Currently (Apr 2021) I still can’t play FPV simulator through USB with the X20, a known issue related to EthOS. Right now I could use the XSR-SIM, or Betaflight to play sims. Hopefully this is something Frsky can address before launching the X20.
Tandem X20 Protocol Supports
The Tandem X20 is pretty much intended to be used with Frsky’s latest Archer and Tandem receiver families.
But it will also support older receivers that runs ACCESS protocol, as well as the ACCST 2.0 D16. Note that it’s ACCST V2! It does not support the older ACCST V1 (both D8 and D16). If you must use ACCST V1, you can get an XJT Lite module and plug it to the back of the radio (which also supports L9).
The upcoming Tandem receivers will be using both 2.4GHz and 900MHz frequencies simultaneously, making them a lot more versatile. And the claimed maximum range of this system would be up to 50km to 100Km with ultra low latency, sounds very impressive indeed.
Does it support TBS Crossfire, now?
No, but Frsky is working on it as we speak. Right now, the X20 supports the following external modules:
- XJT Lite
- R9M Lite
- R9M Lite Access
- R9M Lite Pro Accesss
TBS Crossfire is not on the list yet, also the Crossfire Lite module doesn’t fit in the X20 module bay, because the handle of the radio get in the way of Crossfire’s SMA connector!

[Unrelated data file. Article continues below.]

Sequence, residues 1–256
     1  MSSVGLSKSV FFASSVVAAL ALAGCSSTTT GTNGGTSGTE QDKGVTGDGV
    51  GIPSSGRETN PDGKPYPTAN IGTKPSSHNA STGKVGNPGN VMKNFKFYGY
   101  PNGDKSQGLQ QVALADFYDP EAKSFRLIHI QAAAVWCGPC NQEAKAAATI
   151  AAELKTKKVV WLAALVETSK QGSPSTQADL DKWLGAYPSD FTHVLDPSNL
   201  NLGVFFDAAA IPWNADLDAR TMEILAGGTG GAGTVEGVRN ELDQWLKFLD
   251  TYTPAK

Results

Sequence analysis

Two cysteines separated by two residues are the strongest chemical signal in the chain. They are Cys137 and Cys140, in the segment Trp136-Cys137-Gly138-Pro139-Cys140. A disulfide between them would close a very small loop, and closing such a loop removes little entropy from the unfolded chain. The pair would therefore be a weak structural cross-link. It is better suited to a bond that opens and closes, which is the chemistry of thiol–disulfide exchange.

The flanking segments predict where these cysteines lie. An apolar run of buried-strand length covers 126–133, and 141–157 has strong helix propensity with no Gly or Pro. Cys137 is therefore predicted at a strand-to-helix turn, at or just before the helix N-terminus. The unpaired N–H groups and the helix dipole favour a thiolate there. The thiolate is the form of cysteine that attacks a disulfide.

Frsky is aware of this issue and hopefully it will be addressed by the time the X20 is released. Personally I want the X20 to support Crossfire so badly as I am so invested in it (9 out of 10 of my quads are Crossfire), if I had to replace all the receivers, that would get really expensive.
Closer Look at Tandem X20 Hardware
The Frsky Tandem X20 looks really professional and the build quality is just brilliant.
The screen is a 800×480 color touch screen – it’s intuitive to use and responsive, certainly a great addition to menu navigation. It’s so nice to have when you want to get to a particular option instantly without clicking through a million other options.
The display is bright and the viewing angle is excellent.
There are 8 switches on the X20, the configuration is exactly the same as the other Frsky’s radios such as the Taranis X9D and Horus X10.
There are 6 “Quick-Mode Custom Buttons” next to the menu buttons. The red slider in the centre is just an additional slider on top of the two standard sliders on the sides.
The X20 has internal antennas for both 2.4GHz and 900MHz (hidden inside the radio housing), and there are also RP-SMA connectors if you want to attach external antennas for better range. You can choose which antenna to use in the RF settings.
Between the RP-SMA connectors, there are more connectors under the rubber cover, from right to left: Trainer port, S.Port (SmartPort) for flashing receivers/RF modules, USB-C port for charging and data, micro SD card slot and 3.5mm headphone jack. There are a couple of empty spots in the middle, those are reserved for the more expensive models, such as mini HDMI port for video output.
Note that the Tandem I received didn’t come with an SD card. See my recommendation on which SD card to get for your radio.